Kubernetes, in its 1.1 version released Monday, is accelerating its ability to serve as an open source container management platform, thanks to the sizeable developer community that is now contributing code to it, said Brendan Burns, senior staff software engineer at Google and cofounder of the Kubernetes open source project.
Burns, who has seldom ventured into the public eye, was the kickoff speaker at the first KubeCon conference for Kubernetes users and developers in San Francisco on Nov. 9.
"He's the cofounder and a primary engineering lead of the project, like Linus Torvalds," said Alex Polvi, CEO of CoreOS, supplier of the container host Linux system of the same name. Polvi said Kubernetes has become one of the largest ongoing open source projects, with a rapidly expanding code base and a large number of contributors.
With containers being considered as a production deployment mechanism, a system like Kubernetes, coming from Google, a large-scale user of containers for its internal systems, garners unusual interest. It's a set of software building blocks or primitives that can deploy, maintain, and scale containers on a cluster. The primitives are loosely coupled, so they can be extended with specialized code or otherwise adjusted for use in deploying different kinds of applications.
[Want to learn more about Kubernetes development is managed? See Google Donates Kubernetes to New Foundation.]
Burns discussed what Kubernetes has accomplished recently and where it's headed in his opening keynote talk at KubeCon, which runs through Wednesday, Nov. 11. The open source project has attracted support from developers at IBM, Intel, Red Hat, VMware, Mesosphere, CoresOS, and Windows Azure, among others.
Kubernetes, roughly translated, is Greek for helmsman. It was developed at Google for launching a cluster of servers designed to run hundreds or thousands of containers. Google contributed its core system as open source code in June 2014, and offers its own version as a service, Google ContainerEngine. Google is known for its heavy internal use of Linux containers, and spokesmen say it launches 2 billion containers each week.
Burns said Kubernetes, as a project, wants to enable users to launch hundreds of servers to host thousands of containers quickly. He gave a demonstration of a server directed to scale up to a hundred servers able to host 1 million requests per second.
In the demo, he bumped the number of requests by 100,000 every few seconds until it was handling a million a second. Then he applied an update to each server in the system, while handling requests, and Kubernetes did that as well. "What's really exciting is being able to do a rolling update to servers, while doing a million requests per second," he said.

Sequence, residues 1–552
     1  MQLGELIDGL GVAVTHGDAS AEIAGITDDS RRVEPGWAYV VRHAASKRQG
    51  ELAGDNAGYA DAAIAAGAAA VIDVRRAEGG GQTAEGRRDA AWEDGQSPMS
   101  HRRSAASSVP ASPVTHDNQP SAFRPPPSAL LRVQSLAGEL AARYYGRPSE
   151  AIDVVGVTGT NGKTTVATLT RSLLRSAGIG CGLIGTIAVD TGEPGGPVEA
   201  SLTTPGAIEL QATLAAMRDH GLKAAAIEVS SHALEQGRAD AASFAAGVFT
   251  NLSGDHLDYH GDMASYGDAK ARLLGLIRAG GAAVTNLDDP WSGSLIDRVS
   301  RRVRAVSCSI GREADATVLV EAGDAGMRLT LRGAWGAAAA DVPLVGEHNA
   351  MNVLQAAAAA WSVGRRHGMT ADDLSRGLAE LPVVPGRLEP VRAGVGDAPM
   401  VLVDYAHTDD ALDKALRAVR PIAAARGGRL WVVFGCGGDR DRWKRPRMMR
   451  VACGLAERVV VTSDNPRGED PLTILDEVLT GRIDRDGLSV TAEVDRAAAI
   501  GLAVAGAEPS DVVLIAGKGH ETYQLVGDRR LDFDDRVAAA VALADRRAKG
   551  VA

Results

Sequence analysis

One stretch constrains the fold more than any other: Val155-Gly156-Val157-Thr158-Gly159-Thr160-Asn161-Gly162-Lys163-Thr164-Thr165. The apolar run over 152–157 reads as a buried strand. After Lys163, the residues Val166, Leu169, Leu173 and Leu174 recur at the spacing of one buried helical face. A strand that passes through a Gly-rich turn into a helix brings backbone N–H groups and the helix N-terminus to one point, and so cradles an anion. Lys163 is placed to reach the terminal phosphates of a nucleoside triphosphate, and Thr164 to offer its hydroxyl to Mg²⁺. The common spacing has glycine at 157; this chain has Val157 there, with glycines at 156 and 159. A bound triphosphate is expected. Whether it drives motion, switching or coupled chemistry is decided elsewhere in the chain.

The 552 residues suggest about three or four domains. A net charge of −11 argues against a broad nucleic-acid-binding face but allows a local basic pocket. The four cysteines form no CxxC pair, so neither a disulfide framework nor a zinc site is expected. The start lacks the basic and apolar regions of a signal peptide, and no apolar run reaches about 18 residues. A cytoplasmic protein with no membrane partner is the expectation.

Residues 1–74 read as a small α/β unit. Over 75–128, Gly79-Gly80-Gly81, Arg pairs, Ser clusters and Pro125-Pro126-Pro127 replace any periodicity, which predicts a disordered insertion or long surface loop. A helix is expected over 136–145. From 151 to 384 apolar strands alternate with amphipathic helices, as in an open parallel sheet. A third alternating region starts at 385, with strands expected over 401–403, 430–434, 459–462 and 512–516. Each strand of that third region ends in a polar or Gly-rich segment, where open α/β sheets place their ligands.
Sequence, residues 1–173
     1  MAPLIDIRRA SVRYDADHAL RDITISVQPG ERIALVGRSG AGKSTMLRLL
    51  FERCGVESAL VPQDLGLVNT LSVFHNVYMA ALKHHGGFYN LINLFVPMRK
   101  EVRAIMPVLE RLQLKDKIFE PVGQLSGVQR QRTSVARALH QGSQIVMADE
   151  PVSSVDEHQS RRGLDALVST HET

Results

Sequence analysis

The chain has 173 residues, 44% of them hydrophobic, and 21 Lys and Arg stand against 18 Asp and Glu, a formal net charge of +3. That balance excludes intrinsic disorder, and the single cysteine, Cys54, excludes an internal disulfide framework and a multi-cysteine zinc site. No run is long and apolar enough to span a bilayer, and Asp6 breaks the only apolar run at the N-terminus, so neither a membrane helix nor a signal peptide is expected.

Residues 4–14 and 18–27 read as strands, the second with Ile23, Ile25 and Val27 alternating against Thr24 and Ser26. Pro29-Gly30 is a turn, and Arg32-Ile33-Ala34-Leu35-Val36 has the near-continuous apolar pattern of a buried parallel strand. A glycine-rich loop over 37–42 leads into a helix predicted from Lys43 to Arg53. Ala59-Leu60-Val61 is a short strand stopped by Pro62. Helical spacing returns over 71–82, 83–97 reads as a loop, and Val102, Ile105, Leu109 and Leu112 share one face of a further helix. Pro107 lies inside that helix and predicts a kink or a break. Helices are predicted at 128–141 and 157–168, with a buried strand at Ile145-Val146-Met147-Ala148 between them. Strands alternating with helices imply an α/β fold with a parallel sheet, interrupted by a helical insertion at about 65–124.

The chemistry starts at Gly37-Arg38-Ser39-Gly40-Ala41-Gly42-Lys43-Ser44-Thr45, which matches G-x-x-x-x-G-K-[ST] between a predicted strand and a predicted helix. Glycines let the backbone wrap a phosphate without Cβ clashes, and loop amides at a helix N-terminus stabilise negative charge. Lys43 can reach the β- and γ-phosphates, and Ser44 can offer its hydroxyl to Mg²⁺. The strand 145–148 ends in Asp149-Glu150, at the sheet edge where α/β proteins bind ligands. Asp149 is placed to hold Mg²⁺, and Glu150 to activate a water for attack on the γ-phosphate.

Kubernetes can orchestrate other tasks alongside a high-traffic request workload, such as load-testing a new Kubernetes features while depending on the existing version to carry a regular container workload. "We want to be able to treat the software like it's something that's alive," he noted.
Burns complimented "the team in Warsaw," the volunteer developers who built the code that provided horizontal pod auto-scaling in the 1.1 release. A pod is a set of containers colocated on the same server, with containers in the pod using some of the same resources on the host. As the server CPU utilization (or some other resource use) reaches a certain level, an additional server is commissioned with another set of containers that duplicate the pod to spread out the load, and the process is repeated as necessary.
Burns said the project hopes to work on vertical as well as horizontal scaling in the future. Vertical scaling would increase the resources available to an existing pod instead of spreading the load over additional pods.
Release 1.1 also includes the ability to schedule and run batch jobs.
It includes a feature called resource overcommit, where a commissioned container can be guaranteed a certain amount of resources, can be given a "burstable" level of commitment (where for short periods it may use more than its steady state resources), or it may be given a "best effort" level or commitment (where existing resources are divided among existing workloads).
The user decides which level of commitment he wants assigned to his container workload and Kubernetes 1.1 enacts it.
In the future, the project will be working with Ubernetes, a feature that can manage applications as a set of containers distributed over multiple clusters. The project also wants to simplify configuration steps in the upcoming 1.2 Kubernetes release, Burns said.